President Obama on Thursday said he will impose stricter limitations on the use of drone strikes against suspected terrorists and renewed his pledge to close the U.S. prison at Guantanamo Bay, declaring America is at a "crossroads" in its fight against terrorism.

In the most expansive detailing of his counterterrorism policies, the president outlined the legal rationale for remote-controlled, targeted killings, which increased dramatically under his watch and included the deaths of four U.S. citizens. Under his new rules, drones would be used only when the target presents a "continuing and imminent threat" to Americans and when the United States can determine with "near certainty" that no civilians would be killed.

Obama also wants the Defense Department, rather than the CIA, to play a larger role in operating the drones. And the president alluded to establishing an independent court to review possible drone strikes.

"We must define the nature and scope of this struggle, or else it will define us," Obama said during an hour-long speech at the National Defense University in D.C.

Addressing one of the glaring unfulfilled promises of his presidency, Obama lifted his self-imposed moratorium on transferring Gitmo detainees to Yemen, appointed a new State Department envoy to oversee transfers to third-party countries and vowed to bring terrorists to justice in American courts. Nearly 90 Guantanamo prisoners have been cleared for transfer but are still being held indefinitely in Cuba.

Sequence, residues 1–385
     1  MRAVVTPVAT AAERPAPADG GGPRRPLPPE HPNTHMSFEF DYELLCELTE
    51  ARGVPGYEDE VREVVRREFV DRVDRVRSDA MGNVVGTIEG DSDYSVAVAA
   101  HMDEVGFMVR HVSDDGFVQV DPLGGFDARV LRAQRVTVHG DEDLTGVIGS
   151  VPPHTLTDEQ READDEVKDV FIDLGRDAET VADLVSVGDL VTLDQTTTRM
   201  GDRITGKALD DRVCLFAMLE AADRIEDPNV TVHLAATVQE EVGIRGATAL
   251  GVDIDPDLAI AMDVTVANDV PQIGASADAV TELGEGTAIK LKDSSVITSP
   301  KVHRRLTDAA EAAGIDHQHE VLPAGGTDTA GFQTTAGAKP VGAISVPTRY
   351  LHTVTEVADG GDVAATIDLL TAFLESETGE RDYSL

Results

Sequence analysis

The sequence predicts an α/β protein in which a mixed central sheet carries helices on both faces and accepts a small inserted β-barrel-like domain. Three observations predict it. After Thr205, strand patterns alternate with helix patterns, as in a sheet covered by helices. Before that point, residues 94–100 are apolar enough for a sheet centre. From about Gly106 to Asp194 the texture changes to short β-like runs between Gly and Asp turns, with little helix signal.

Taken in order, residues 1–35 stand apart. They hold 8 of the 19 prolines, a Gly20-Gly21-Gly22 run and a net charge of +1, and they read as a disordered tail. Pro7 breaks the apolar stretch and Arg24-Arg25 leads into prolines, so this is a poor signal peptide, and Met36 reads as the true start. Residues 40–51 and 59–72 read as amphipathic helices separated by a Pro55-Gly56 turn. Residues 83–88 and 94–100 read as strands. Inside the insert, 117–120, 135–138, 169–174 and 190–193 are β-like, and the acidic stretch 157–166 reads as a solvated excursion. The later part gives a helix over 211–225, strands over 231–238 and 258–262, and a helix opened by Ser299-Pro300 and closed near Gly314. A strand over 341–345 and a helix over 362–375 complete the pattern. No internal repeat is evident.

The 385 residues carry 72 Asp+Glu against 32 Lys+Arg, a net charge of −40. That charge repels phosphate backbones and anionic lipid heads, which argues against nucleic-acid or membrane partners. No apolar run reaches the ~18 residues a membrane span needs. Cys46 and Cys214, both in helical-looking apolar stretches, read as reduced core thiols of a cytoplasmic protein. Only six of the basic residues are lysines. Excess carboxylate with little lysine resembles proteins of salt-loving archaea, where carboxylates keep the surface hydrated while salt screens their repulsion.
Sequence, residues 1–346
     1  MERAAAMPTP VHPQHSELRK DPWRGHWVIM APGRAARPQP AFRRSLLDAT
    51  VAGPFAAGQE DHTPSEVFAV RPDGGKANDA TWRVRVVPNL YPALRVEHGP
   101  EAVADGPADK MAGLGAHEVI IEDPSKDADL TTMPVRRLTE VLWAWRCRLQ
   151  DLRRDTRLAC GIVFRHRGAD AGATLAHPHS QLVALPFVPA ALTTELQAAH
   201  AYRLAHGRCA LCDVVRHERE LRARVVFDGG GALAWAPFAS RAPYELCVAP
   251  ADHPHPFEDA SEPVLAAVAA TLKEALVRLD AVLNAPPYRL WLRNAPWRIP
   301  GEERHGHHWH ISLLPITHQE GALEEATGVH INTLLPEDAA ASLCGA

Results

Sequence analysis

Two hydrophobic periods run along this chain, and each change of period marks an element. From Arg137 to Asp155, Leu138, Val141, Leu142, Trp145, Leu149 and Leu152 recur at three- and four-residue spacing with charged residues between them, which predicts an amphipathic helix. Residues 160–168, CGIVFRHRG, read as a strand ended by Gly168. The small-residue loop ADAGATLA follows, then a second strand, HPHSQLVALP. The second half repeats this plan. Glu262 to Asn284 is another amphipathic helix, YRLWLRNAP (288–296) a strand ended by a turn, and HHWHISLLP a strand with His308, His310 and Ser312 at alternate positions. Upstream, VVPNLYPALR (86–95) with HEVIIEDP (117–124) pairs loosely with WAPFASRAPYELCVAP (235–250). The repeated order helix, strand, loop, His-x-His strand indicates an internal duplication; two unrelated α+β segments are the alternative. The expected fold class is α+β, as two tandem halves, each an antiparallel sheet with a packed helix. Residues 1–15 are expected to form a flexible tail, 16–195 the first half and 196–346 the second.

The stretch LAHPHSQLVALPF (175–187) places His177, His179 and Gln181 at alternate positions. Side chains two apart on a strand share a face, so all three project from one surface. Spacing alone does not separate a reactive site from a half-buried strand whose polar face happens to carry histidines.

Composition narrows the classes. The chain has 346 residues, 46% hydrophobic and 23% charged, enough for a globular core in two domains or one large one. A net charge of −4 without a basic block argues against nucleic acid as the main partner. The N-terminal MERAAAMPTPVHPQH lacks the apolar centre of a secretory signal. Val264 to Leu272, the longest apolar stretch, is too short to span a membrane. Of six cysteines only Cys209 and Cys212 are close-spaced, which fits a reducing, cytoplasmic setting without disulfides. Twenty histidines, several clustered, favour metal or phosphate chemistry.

However, Obama still needs Republican support to shutter the prison — a prospect that many conservatives dismissed on Thursday.

The president is framing his new strategy as a break from the post-Sept.11 national security policies of former President George W. Bush, who said the United States was engaged in an ongoing "war on terror."

Republicans immediately pounced on Obama's new blueprint, calling it detrimental to national security.

"The president's speech today will be viewed by terrorists as a victory," said Sen. Saxby Chambliss, R-Ga. "Rather than continuing successful counterterrorism activities, we are changing course with no clear operational benefit."

Added Sen. John McCain, R-Ariz., "To somehow argue that al Qaeda is somehow 'on the run' comes from a degree of unreality that is really quite incredible. Al Qaeda is expanding all over the Middle East, from Mali to Yemen and all places in between."

Though his administration acknowledged Wednesday that drones had killed four U.S. citizens living abroad, Obama said Thursday it would be unconstitutional "for the government to target and kill any U.S. citizen."

Obama's own political supporters have hammered him for continuing national security policies he derided as a candidate — and it was a progressive protester during his speech Thursday heckling him about ongoing hunger strikes at Guantanamo.

"I'm willing to cut the young lady who interrupted me some slack because it's worth being passionate about," Obama said.

With revelations that his Justice Department had secretly monitored reporters in Washington, Obama vowed to do more to ensure journalists could work without fear of prosecution. He instructed Attorney General Eric Holder to report back to him by July 12 on guidelines for investigating reporters.

"I am troubled by the possibility that leak investigations may chill the investigative journalism that holds government accountable," Obama said. "Journalists should not be at legal risk for doing their jobs."